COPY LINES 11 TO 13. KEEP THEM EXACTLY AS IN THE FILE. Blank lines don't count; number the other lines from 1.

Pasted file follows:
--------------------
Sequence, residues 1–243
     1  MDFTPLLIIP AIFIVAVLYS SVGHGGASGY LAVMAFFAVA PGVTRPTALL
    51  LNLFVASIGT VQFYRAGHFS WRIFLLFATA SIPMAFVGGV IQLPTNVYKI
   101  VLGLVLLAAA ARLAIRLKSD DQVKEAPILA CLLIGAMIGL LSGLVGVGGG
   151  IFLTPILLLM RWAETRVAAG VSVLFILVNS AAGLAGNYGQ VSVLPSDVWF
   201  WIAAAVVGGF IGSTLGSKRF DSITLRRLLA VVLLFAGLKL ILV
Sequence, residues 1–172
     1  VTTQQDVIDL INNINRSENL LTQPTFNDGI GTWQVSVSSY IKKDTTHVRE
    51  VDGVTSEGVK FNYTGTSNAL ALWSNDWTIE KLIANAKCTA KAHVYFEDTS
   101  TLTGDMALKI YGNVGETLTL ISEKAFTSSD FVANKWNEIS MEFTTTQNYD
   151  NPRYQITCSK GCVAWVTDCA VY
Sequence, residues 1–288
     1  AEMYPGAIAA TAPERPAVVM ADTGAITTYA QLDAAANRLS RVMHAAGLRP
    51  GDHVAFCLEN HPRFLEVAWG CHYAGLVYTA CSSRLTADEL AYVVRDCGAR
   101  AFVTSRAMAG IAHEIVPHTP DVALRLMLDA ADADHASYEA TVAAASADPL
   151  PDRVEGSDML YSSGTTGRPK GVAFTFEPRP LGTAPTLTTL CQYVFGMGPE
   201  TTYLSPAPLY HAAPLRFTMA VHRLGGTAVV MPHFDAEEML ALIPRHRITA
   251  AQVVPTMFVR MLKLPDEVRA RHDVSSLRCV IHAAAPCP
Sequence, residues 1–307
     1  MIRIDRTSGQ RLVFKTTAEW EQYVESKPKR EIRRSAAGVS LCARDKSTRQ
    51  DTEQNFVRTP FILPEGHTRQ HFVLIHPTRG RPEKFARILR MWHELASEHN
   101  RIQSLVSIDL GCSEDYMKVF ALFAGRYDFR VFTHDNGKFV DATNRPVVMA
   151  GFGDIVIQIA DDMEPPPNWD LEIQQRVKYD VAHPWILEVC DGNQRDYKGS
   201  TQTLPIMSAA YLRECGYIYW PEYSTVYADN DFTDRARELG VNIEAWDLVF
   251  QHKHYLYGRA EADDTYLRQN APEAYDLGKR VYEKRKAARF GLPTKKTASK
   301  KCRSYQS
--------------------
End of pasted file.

   151  NPRYQITCSK GCVAWVTDCA VY
Sequence, residues 1–288
     1  AEMYPGAIAA TAPERPAVVM ADTGAITTYA QLDAAANRLS RVMHAAGLRP